By Joe Jarosz
April 6, 2016
KANSAS CITY, Missouri — Ten years ago, Dr. Elaine Joslyn had an idea to better provide for her Northeast community.
By creating the private, not-for-profit organization Northeast Neighbor to Neighbor, Joslyn recognized that many residents of the historic Northeast lacked adequate resources to obtain the medical care they needed. These aren’t people on the corner, begging for a dollar. These are the residents living from paycheck to paycheck.
“The problem always arose when the patient needed a special test,” Joslyn said.
With that in mind, she established an organization that would help these residents by obtaining the care they need. Joslyn recruited Northeast residents — who shared her vision — to voluntarily serve on the board of directors.
“I had a neighborhood who told me daily, ‘thank you for being here’ and asked, ‘what we could do to help,” Joslyn said. “So I thought, I need to bring these two entities together. And I need to do that with a not-for profit.”
Northeast Neighbor to Neighbor provides support through identifying and creating access to appropriate and needed health care services, coordinating referrals to various healthcare providers, funding of needed medical services, educating clients regarding their medical needs and available medical services, and assisting clients in navigating the healthcare system. Since the start, dozens of Northeast residents have benefited from Joslyn’s idea.
“I’m not here to save the world, this was created to help the Northeast neighborhood only,” Joslyn said. “These are our neighbors who work, who have money, they just don’t have lots of money or don’t have the right insurance to cover their needs.”
Most who benefit from the efforts of Northeast Neighbor to Neighbor are patients of Dr. Joslyn. Recently, they’ve helped a number of area residents with dental work. And about five year ago, Joslyn said they started an over-the-counter program to help residents obtain over-the-counter medicine, something that isn’t usually covered by insurance.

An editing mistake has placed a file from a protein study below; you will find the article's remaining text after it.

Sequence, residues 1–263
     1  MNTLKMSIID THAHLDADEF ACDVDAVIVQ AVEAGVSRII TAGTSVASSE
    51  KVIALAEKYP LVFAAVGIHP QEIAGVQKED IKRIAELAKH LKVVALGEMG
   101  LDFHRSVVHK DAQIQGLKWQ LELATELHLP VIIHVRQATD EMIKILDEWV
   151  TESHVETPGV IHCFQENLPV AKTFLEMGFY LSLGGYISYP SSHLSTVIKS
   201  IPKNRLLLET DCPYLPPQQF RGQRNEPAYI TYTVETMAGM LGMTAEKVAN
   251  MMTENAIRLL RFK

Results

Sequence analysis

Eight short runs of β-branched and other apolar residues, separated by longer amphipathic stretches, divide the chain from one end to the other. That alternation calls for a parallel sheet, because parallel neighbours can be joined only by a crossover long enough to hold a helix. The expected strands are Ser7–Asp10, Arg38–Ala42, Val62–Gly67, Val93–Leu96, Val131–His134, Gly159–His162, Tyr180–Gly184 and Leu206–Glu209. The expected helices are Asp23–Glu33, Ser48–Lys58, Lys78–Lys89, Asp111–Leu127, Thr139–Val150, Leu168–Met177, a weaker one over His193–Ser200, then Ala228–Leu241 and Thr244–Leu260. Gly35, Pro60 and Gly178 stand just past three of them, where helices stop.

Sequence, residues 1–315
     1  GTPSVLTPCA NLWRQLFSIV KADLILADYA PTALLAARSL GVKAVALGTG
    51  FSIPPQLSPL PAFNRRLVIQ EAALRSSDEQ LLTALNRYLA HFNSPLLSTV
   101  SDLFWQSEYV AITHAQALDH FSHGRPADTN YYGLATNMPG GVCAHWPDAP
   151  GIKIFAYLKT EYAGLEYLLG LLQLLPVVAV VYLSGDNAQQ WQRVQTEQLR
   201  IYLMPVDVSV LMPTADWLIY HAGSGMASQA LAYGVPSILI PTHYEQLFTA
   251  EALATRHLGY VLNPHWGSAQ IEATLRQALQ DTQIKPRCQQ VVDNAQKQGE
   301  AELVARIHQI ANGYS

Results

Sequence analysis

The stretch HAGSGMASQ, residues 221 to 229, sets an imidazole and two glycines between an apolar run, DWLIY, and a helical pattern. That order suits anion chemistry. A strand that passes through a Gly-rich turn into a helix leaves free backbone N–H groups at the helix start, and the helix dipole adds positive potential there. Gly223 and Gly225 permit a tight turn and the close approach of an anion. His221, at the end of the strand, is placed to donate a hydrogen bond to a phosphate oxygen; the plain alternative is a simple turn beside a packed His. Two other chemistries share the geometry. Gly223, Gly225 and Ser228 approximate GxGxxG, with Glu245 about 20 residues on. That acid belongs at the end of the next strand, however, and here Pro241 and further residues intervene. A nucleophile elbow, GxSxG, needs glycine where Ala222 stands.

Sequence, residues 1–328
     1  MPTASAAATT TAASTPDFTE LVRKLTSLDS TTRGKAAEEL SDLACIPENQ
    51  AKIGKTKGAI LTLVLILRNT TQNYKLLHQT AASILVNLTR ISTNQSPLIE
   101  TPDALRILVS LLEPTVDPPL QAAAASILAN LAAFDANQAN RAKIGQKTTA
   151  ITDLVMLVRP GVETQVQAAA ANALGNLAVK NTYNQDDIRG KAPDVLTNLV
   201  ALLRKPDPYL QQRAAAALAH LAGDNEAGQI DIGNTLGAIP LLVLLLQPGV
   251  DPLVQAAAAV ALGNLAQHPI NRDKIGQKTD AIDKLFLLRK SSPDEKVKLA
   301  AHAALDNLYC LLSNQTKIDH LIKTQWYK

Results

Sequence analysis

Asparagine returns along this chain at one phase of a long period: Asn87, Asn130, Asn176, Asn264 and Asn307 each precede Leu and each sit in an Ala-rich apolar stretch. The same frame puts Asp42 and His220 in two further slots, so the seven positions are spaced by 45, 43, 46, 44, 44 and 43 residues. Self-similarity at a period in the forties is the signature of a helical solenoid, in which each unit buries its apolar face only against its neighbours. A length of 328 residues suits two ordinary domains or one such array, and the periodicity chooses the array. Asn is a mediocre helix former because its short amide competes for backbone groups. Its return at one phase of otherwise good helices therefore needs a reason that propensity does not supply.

“We’ve worked out an agreement with Spalitto’s Pharmacy because they’re private and can help,” Joslyn said. The program includes vouchers, which are distributed to area social services agencies in the neighborhood that allows the owner of the voucher a $10 credit to use at the pharmacy in order to purchase over-the-counter medicine and supplies. “We know they get a whole lot for $10. They [Spalitto’s] are great guys and were ready to jump in and help.”
David Remley, one of the board members for the non-profit organization, said the biggest issue Northeast Neighbor to Neighbor has faced over its 10 year period is that it’s geographically centered to the Northeast. Ten years in, Joslyn hoped the organization would have been bigger by now, but because it is geographically located, they are held back in that regard.
“Agencies we partner with keep an eye out for people we can help,” Remley said. “Mostly, though, [clients are obtained] by contacts in the community.”
Like Remley noted, the organization does, also, work on referrals, too. Earlier this year, Northeast resident Tracy Marriott had to have an emergency double mastectomy. With little time to gather funds for reconstructive surgery, Northeast Neighbor to Neighbor, as well as the Northeast community, stepped up and offered support.
“They came through and helped me,” Marriott said, adding this will be an ongoing issue for her.
Marriott said she had heard of the organization a long time ago, but didn’t know it would be something she could utilize. Then, through Facebook, someone put her in contact with Remley. She said the organization’s help and the community’s outreach was amazing.
“It was a godsend the way the whole community came together,” Marriott said, while holding back tears. She noted doctors advised her not to move around, so she could heal properly from surgery and keep pain levels down. “It was hard for me because I wasn’t going to be able to work or pay bills. This is a nightmare for someone who isn’t prepared. I’m so grateful to the community. It truly felt like a miracle to me.”
Over the next couple years, Joslyn and Remley said they’ll work to educate the community more on healthcare, with programs at the Kansas City Museum and around the Northeast. The third arm of the agency is advocacy.
“As a 501(c)(3), we can’t lobby, but we certainly can advocate for the health of our neighborhood,” Joslyn said.
If you or someone you know would like to contact Northeast Neighbor to Neighbor, visit http://nnncares.org/.